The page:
How to Grid a Picture

"What is the grid method in art?"

"How do I get grid lines on my photos?"

These are questions I hear on the constant whenever we start talking about drawing from an image with a grid, so let's figure out this art grid thing together.


The grid method is used to break an image down into much smaller pieces so that you can easily look at it, know what goes where, how big it should be, and how it should be placed in relation to everything else on your canvas. It's especially helpful with detailed images, or images in which you want to maintain correct proportions. How you get the grid on your image is totally up to you. There really are innumerable ways that you can do this! What I'm about to show you is just one way.


For this example, I decided to use the original, unedited version of the Buddha that I used for my Buddha video. You can download it from Pixabay for free HERE. Because I had to edit this image to grid it, I know that the raw image won't fit on a 12x16-in canvas without some cropping. To make it work, I had to change the ratio of the image to match the ratio of the canvas I wanted to use. This required math. Confusing math. But then something awesome happened. I discovered the free online grid tool by Art Tutor! YAY!!


Speaking of Art Tutor, go to http://www.griddrawingtool.com/ to use their free grid tool to add a grid to any image.


This is a really simple tool to use, but you do have to put a little bit of thought into it. Let's go through it together. First, start by uploading the image you want to grid to the Art Tutor web tool. The screenshot below shows me uploading the Buddha image:

I skipped steps 2 through 4 (rotating, cropping, and adjusting the image) because I didn't need them, but you can take advantage of these options before moving on to the next step. Step 5 allows you to adjust the color and pixel size of the grid lines to be added to your image. Feel free to adjust as you wish, but make sure you check the "keep boxes square" option! This is VERY important! If your boxes are not square, you're going to end up with one distorted Buddha!

Now, here's where things can get tricky. First, you need to understand that unless the image you downloaded is in the exact same ratio as the canvas you're using, you're going to end up having to crop some of the image out. If you don't plan for that, you're going to be really disappointed when you only have room for your Buddha from the tip of the nose up, for example. So decide what is most important to you to maintain: the height of the image, or the width? In the original Buddha reference image, the whole right side was black space, so I felt okay cropping some of that out. I also noted that the entire height of the image was made up of the Buddha's face, so I wanted to crop as little from the top or bottom as possible. Ideally, none at all. It was easy for me to decide that the image height was the most important ratio for me to maintain.


I decided to paint Buddha on a 12x16-in canvas and use a 1-in grid. This meant I had to make sure I had 12 grid squares going from top to bottom. This took a little finagling, since the Art Tutor tool only gives you the option of choosing how many squares wide you want the grid to be, but after a little trial and error, I got it. I found that a grid 18 squares in width gave me what I wanted.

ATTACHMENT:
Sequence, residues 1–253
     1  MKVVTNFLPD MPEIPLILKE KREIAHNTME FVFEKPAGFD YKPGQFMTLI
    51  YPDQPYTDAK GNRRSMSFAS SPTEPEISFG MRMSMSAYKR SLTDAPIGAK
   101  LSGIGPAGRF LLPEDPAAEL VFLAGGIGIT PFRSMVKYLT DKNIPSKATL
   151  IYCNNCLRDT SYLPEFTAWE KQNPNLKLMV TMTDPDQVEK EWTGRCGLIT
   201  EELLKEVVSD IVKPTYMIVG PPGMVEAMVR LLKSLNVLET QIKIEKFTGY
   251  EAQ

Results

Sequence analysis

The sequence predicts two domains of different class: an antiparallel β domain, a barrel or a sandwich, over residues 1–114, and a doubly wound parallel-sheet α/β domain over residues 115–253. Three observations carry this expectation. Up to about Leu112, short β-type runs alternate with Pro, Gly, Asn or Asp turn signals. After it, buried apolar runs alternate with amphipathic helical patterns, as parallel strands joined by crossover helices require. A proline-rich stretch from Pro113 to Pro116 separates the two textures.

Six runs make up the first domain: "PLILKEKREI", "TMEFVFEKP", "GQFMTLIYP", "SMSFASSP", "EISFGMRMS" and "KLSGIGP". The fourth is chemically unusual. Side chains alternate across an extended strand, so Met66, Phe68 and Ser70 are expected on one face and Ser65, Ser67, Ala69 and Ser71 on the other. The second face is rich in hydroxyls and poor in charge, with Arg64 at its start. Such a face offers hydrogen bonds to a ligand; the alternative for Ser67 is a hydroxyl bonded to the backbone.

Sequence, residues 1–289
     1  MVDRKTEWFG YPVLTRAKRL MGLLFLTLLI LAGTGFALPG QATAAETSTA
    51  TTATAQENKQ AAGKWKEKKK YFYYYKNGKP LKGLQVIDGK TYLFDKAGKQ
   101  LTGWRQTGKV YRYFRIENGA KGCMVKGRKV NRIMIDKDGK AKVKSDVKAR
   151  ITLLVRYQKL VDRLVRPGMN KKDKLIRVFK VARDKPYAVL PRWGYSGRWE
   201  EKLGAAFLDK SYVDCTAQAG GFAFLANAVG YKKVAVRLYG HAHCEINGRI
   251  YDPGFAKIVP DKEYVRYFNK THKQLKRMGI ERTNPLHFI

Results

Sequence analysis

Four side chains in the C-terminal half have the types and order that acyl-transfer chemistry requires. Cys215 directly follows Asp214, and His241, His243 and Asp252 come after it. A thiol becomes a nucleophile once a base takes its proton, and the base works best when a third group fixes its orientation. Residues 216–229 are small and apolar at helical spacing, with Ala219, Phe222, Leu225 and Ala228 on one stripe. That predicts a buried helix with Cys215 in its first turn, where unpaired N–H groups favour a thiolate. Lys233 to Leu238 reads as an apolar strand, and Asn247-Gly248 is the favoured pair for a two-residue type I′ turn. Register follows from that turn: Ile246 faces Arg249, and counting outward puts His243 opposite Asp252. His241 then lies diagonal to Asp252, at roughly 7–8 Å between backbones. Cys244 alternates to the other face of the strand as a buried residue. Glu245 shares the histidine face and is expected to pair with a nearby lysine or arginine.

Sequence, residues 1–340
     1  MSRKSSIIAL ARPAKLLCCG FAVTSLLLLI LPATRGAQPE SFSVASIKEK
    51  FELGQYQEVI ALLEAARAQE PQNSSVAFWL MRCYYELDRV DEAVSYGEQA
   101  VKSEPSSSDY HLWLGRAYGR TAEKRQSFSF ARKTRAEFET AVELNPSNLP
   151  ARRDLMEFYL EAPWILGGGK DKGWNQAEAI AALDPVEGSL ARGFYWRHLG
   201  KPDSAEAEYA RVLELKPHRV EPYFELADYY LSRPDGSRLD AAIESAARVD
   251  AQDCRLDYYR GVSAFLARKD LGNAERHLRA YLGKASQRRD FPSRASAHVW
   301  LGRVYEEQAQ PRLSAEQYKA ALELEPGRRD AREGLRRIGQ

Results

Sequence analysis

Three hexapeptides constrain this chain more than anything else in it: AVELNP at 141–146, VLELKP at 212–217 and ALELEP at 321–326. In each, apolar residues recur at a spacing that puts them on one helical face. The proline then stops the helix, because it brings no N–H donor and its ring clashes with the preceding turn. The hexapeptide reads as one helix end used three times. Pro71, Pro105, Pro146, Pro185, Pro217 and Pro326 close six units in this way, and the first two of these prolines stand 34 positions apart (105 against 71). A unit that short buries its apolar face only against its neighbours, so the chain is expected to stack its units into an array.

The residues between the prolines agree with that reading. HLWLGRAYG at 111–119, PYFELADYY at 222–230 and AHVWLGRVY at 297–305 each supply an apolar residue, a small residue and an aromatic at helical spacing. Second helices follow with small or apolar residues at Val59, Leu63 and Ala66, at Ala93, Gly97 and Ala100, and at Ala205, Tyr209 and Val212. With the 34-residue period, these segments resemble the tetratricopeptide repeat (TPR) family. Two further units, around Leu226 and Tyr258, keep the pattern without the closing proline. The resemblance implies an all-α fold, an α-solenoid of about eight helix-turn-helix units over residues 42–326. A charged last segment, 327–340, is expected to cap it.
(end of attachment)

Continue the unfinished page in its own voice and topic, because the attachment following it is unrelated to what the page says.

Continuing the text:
Note: Make sure to hit "apply grid" anytime you change the grid dimensions.

If you prefer to work with a 2-in grid instead of a 1-in grid, just make sure you have 6 squares down instead of 12. Once you're satisfied with the grid, click the "download" button. The image will be downloaded to your computer complete with grid lines. You can either print it out as-is and use a pair of scissors to cut it to size, or you can use a cropping tool on your computer to size it before you print it out. Either way will work.


Below, I added numbers to my image so you can see how it would fit on my 12x16-in canvas, and what portions I would plan to cut off.

Next, draw your 1-in grid on your canvas and start drawing your Buddha face! If you'd like to see how that's done, check out the video where I painted Buddha HERE. I used a 2-in grid, but it's the exact same concept.


What's that you say? Oh! You want to paint your Buddha on a 5x7 or 11x14-in canvas? Ok! Lemme show you how that works!


For a 5x7-in canvas, we'll need to adjust the grid dimensions so that it's 5 squares down (since we already know that height is more important than width here).

As you can see, it does take a little off the top because the ratios are so different, but as long as nothing vital is missing, it shouldn't be an issue. If you have an area on the bottom that you don't mind cropping, you can use the rotate tool before gridding your image.


The same goes for an 11x14-in canvas! Just make sure you get as close to 11 squares down as possible, like this:

As you can see, the top row in this scenario is a little less than a full inch in height. You can choose to ignore this, since it's such a small amount, or you can keep fiddling with the dimensions until you have something you like. Either way, it's up to you.


And that's it! I hope now you feel much more confident to grid any image for any size of canvas. Thank you so much to Art Tutor for being so rad and creating such a great tool! Made my job a ton easier, too, lol!

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